Why admin's do not trust daemons to do their own packet filtering (was Re: Resuming the great cleanup)

Eric S. Raymond esr at thyrsus.com
Tue May 29 19:15:15 UTC 2018

Mark Atwood, Project Manager <mark.atwood at ntpsec.org>:
> There are a couple of different but very similar angles of approach to
> explain why a network security experts will not trust a userspace daemon to
> control it's own defensive packet filtering.
> The UNIX concept: each tool should do one thing, and do it well.   The ntpd
> should no more do packet filtering than the packet filers should implement
> the NTP protocol.
> Separation of knowledge.  The packet filers know how the network stack is
> implemented, and how the local site has plumbed them.  Repeating this
> knowledge in the ntpd violates DRY, and are hard to keep in sync.
> Separation of configuration.  Network configuration tools know to speak to
> the packet filter API and know to speak to the switch APIs.   Asking those
> tools to speak to every random daemon's implementation of each own control
> interface is asking too much.
> Assumption of mistrust.  Admins and devops people now assume (after 40+
> years of bitter experience) that all daemons are broken and insecure.  That
> lack of trust extends to any given daemon's own (probably half assed and
> poorly reviewed) implementation of packet filters.
> Assumption of corruption.  Once a bad guy has presented a malicious packet
> stream to a daemon, you cannot trust that daemon's own logging, or trust
> any part of that daemon's execution paths. Including the execution of it's
> own packet filters!
> Linus's Law, and it's weaknesses.  The packet filters are the point where
> Linus's Law has engaged about packet filtering.  The slightest quiver of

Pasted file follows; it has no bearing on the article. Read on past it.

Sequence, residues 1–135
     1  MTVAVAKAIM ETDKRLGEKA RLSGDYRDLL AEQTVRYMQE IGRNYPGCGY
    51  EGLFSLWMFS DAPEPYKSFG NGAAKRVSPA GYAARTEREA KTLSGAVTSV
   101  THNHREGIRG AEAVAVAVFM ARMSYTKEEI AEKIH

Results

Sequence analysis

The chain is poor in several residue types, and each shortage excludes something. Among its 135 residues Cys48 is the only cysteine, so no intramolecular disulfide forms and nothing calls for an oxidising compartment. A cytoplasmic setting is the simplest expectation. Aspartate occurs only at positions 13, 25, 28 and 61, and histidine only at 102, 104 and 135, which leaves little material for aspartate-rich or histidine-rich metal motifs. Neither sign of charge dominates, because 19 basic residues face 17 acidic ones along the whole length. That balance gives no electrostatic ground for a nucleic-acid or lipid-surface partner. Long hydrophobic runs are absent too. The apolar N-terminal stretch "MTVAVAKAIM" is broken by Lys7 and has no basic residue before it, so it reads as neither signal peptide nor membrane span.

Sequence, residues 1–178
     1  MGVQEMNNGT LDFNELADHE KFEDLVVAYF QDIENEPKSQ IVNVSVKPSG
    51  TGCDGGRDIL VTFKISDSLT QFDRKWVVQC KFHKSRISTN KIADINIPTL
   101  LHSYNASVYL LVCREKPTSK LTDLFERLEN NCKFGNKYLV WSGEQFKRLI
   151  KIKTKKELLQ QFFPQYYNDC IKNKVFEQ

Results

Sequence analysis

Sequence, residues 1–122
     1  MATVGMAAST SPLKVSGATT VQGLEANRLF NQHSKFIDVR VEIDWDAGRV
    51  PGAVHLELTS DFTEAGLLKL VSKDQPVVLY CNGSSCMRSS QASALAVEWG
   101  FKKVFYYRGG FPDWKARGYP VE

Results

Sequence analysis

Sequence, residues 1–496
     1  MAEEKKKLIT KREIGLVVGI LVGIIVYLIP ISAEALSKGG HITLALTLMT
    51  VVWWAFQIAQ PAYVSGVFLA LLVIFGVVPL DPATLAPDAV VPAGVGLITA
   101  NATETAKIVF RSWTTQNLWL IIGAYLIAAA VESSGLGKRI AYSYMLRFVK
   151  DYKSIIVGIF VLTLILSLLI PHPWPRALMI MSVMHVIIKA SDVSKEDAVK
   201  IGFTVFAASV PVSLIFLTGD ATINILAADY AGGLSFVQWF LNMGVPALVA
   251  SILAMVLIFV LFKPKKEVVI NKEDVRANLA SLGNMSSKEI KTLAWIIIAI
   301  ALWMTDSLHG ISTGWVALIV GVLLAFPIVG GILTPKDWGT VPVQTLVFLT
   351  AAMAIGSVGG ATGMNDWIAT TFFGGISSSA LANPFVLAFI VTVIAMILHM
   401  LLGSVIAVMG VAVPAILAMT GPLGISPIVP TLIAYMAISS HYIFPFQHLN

> uncertainly in the packet filter implementations will trigger CERT
> conference calls, corporate sev2 incidents, and personal line-by-line
> hand-execution code audits by technical leads.   The discovery of yet
> another parsing bug in a userspace daemon is called a "Tuesday".
> The "half of common lisp" narrative.  Just like every large programmable
> system eventually has a poorly specified implementation of parts of Lisp,
> every local single process userspace implementation of packet filtering is
> just a poorly specified poorly performent implementation of the the packet
> filter.

That's a good explanation.  I'm keeping a copy.

(Gradually, gradually, I remedy my ignorance of infosec.)

I could summarize it something like this:

"We have removed packet filtering by interface name because we judge it's
a security-defect attractor.  The place to do this is in kernel-level packet
filters and firewalls, which get much more scrutiny; good admin practice 
in this century is to not trust usespace packet filtering at all."

This opens a can of worms, though.  Should we drop the entire interface command?

+interface+ [+listen+ | +ignore+ | +drop+] [+all+ | +ipv4+ | +ipv6+ | +wildcard+ | 'name' | 'address'[/'prefixlen']]::
  This command controls which network addresses +ntpd+ opens, and
  whether input is dropped without processing. The first parameter
  determines the action for addresses which match the second parameter.
  That parameter specifies a class of addresses, or a specific interface
  name, or an address. In the address case, _prefixlen_ determines how
  many bits must match for this rule to apply. +ignore+ prevents opening
  matching addresses, +drop+ causes +ntpd+ to open the address and drop
  all received packets without examination. Multiple +interface+
  commands can be used. The last rule which matches a particular address
  determines the action for it. +interface+ commands are disabled if any
  of the +-I+, +--interface+,+-L+, or +--novirtualips+ command-line options
  are used. If none of those options are used and no +interface+ actions
  are specified in the configuration file, all available network
  addresses are opened. The +nic+ command is an alias for +interface+.

I'm inclined to think dropping this would be a good thing.  There's a
lot of code complexity behind that, and that bit abour interface
commands being inoperative if you choose the wrong command-line option
raises my shoot-self-in-foot alarm.

I'd like to hear from our security officer about this.  I'd also lilke
to hear from people with lots of ops experience like Hal and Matt.
		<a href="http://www.catb.org/~esr/">Eric S. Raymond</a>

My work is funded by the Internet Civil Engineering Institute: https://icei.org
Please visit their site and donate: the civilization you save might be your own.

More information about the devel mailing list